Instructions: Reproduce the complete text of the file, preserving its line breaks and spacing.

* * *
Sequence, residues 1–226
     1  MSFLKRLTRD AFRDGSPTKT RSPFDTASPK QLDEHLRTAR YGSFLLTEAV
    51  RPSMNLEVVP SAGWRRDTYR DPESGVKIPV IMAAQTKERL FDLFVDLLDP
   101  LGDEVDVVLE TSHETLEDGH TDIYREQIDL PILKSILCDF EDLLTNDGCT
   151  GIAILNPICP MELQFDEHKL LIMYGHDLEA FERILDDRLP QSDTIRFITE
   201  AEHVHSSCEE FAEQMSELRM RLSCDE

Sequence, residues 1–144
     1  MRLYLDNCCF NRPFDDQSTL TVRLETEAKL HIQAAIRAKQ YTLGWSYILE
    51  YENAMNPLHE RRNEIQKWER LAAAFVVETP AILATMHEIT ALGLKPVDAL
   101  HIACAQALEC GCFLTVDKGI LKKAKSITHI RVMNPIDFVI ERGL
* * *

Sequence, residues 1–226
     1  MSFLKRLTRD AFRDGSPTKT RSPFDTASPK QLDEHLRTAR YGSFLLTEAV
    51  RPSMNLEVVP SAGWRRDTYR DPESGVKIPV IMAAQTKERL FDLFVDLLDP
   101  LGDEVDVVLE TSHETLEDGH TDIYREQIDL PILKSILCDF EDLLTNDGCT
   151  GIAILNPICP MELQFDEHKL LIMYGHDLEA FERILDDRLP QSDTIRFITE
   201  AEHVHSSCEE FAEQMSELRM RLSCDE

Sequence, residues 1–144
     1  MRLYLDNCCF NRPFDDQSTL TVRLETEAKL HIQAAIRAKQ YTLGWSYILE
    51  YENAMNPLHE RRNEIQKWER LAAAFVVETP AILATMHEIT ALGLKPVDAL
   101  HIACAQALEC GCFLTVDKGI LKKAKSITHI RVMNPIDFVI ERGL